The Haney test provides cover crop recommendation as far as % grass to legumes to assist farmers in developing mixes. This is simply a guide to show if biology is low and need easily digestible carbon or that the population is growing and need more carbon. Early on, a recommendation may be 40% grass and 60% legumes (Low C:N). Then you might see 50% grass to 50% legumes. As the respiration numbers increase and C:N ratio reduces then grass recommendation will increase. I have seen recommendations as high as 90% grass and 10% legumes. These farms will show high soil health calculation, maybe as high as 20. So, your first year in cover, you will receive 40% grass and 60% legumes. This means farmers need a lower C:N ratio. As the system matures, the grass recommendation or a higher C:N ratio will be shown on the Haney Test.

 A screenshot below illustrates my explanation. Note the fourth row with high respiration and high organic C (WEOC) with a soil health calculation is 23.78. That soil is going to function at a higher level than the other rows shown on the spreadsheet.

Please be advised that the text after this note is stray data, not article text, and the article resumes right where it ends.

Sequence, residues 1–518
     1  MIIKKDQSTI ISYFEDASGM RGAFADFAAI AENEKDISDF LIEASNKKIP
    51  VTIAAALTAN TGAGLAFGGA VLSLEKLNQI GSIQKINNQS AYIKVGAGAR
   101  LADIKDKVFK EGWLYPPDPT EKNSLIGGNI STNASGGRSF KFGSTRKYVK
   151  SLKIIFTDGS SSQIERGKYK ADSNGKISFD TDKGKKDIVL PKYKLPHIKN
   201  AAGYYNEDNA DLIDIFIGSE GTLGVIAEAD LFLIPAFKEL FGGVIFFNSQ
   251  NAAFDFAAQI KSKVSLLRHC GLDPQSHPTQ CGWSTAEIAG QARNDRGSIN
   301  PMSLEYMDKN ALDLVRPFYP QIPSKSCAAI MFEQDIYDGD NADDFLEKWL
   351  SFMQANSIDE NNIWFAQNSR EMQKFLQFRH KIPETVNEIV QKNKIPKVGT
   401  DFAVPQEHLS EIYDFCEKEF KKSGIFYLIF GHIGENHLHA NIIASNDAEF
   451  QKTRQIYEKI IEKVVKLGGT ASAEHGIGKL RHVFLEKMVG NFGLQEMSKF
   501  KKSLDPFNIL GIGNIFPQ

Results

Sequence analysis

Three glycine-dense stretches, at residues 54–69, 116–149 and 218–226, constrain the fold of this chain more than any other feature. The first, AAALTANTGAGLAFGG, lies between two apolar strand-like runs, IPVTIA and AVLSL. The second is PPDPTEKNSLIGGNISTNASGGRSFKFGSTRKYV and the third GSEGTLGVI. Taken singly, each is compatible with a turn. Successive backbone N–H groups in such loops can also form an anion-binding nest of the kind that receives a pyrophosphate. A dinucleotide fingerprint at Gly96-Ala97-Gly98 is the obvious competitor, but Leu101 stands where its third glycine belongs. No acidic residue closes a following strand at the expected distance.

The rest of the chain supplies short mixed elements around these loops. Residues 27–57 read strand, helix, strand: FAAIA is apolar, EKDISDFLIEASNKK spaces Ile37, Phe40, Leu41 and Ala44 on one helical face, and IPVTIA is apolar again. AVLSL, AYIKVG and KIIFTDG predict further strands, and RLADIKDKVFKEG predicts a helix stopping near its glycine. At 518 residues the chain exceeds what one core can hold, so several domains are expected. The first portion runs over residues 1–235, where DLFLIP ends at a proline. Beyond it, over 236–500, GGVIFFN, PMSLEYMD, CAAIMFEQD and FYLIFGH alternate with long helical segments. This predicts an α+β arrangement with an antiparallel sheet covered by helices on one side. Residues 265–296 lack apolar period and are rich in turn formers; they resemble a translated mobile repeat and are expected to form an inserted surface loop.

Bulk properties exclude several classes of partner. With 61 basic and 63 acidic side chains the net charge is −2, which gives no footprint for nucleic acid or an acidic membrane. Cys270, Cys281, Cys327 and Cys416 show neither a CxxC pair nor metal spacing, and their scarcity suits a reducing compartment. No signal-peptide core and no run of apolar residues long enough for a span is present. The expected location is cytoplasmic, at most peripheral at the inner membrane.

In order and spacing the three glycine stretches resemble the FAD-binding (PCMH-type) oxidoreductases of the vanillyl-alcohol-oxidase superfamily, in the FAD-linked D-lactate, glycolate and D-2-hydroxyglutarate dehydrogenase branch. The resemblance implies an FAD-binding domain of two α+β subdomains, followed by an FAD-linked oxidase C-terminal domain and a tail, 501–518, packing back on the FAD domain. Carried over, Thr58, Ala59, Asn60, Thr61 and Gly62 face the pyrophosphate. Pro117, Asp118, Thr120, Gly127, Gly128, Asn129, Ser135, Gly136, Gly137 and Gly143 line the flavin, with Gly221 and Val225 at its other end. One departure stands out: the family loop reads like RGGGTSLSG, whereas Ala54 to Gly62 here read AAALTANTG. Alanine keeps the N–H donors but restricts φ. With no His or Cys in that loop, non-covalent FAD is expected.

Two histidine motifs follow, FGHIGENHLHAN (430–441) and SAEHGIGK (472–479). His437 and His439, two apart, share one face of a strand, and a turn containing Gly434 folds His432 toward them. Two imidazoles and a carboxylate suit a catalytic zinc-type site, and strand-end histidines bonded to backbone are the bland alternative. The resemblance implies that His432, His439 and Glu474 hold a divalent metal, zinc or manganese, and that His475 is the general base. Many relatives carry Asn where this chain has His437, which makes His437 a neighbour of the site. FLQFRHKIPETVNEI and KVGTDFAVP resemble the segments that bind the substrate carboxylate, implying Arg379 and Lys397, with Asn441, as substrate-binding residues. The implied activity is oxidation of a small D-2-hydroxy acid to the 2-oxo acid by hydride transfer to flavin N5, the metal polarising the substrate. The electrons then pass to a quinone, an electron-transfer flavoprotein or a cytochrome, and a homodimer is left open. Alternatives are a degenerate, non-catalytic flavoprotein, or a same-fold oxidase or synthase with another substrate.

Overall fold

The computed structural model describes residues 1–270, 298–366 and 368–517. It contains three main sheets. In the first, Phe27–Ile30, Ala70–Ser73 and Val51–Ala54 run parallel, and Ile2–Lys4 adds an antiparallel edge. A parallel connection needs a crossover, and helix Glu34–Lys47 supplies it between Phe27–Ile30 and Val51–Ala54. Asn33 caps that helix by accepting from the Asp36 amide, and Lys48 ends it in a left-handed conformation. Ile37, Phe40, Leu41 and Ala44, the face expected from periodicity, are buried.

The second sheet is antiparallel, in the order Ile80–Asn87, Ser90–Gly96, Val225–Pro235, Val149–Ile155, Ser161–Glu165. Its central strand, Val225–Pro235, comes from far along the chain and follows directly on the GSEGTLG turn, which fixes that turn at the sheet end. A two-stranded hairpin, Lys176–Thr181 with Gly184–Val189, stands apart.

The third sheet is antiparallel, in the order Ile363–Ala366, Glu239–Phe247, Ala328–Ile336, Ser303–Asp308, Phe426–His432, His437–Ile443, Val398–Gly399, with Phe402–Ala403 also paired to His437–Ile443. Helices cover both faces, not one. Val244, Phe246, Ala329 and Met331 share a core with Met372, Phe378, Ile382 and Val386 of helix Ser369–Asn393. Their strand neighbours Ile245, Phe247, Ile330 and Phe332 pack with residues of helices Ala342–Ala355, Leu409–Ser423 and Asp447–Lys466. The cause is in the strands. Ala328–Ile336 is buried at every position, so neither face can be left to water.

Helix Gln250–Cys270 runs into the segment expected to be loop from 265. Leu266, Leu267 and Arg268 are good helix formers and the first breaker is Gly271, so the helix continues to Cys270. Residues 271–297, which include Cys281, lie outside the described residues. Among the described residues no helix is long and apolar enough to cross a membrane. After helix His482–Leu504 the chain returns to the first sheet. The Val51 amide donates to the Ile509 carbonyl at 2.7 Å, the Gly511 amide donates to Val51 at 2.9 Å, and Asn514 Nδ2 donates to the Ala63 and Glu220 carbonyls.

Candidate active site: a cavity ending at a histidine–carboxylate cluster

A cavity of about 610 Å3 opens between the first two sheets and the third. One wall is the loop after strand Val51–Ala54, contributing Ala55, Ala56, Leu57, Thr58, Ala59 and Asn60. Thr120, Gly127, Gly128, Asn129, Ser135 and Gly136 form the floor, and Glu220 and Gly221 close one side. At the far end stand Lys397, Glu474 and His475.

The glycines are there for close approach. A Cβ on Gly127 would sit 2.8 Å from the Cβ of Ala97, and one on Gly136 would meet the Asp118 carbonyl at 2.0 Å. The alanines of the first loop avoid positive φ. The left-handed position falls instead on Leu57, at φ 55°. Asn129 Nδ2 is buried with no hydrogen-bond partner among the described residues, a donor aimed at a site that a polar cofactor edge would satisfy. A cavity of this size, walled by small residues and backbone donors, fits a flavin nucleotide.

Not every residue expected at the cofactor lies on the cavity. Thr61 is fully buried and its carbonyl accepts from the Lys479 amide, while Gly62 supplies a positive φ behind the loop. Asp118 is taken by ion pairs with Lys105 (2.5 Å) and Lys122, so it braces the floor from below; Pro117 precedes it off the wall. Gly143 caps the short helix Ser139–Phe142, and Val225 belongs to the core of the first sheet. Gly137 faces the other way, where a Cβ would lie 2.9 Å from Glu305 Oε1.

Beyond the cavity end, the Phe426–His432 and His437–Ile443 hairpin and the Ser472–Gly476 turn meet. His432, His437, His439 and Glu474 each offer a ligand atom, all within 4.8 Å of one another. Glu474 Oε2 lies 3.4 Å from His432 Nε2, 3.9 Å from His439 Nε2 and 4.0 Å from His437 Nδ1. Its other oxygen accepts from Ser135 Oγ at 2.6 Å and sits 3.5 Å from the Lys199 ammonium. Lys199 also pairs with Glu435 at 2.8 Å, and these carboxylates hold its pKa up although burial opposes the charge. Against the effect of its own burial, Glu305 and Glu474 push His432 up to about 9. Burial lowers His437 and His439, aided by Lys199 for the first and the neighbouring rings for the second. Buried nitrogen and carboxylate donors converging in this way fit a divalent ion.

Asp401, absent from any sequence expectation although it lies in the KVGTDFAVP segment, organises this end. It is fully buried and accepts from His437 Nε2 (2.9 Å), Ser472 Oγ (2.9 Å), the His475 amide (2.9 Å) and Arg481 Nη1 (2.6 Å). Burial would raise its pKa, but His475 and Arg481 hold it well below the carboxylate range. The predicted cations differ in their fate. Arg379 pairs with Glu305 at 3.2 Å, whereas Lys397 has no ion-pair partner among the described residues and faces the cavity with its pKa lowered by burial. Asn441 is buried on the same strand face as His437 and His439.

Soil Health all ppm Solvita 1-day CO2-C Organic C Organic N Organic C:N Soil Health Calculation Cover crop mix
  72.3 256.8 37.6 6.8 13.6 40% Legume 60% Grass
  45.2 297.7 43.4 6.9 11.8 40% Legume 60% Grass
  62.46 291.97 55.45 5.27 14.71 40% Legume 60% Grass
  147.38 374.80 52.94 7.08 23.78 20% Legume 80% Grass

Note from the above screen shot that the last entry has higher respiration with higher WEOC, adequate N released with about the same C:N ratio, but a higher soil health calculation. Note, the lower percent of legumes and higher grass recommendation. This is a guide to add higher C:N ratio as soil biology increases in quantity and quality.

Coffee County Soil Conservation District in Tennessee received a grant from Tennessee Department of Agriculture to test many fields using the Haney Soil Health Tool. They also tested some soils that added livestock for short-term grazing. These fields showed much higher respiration rates. So, grazing can add low C:N ratio sources that will provide temporary increase in biology activity.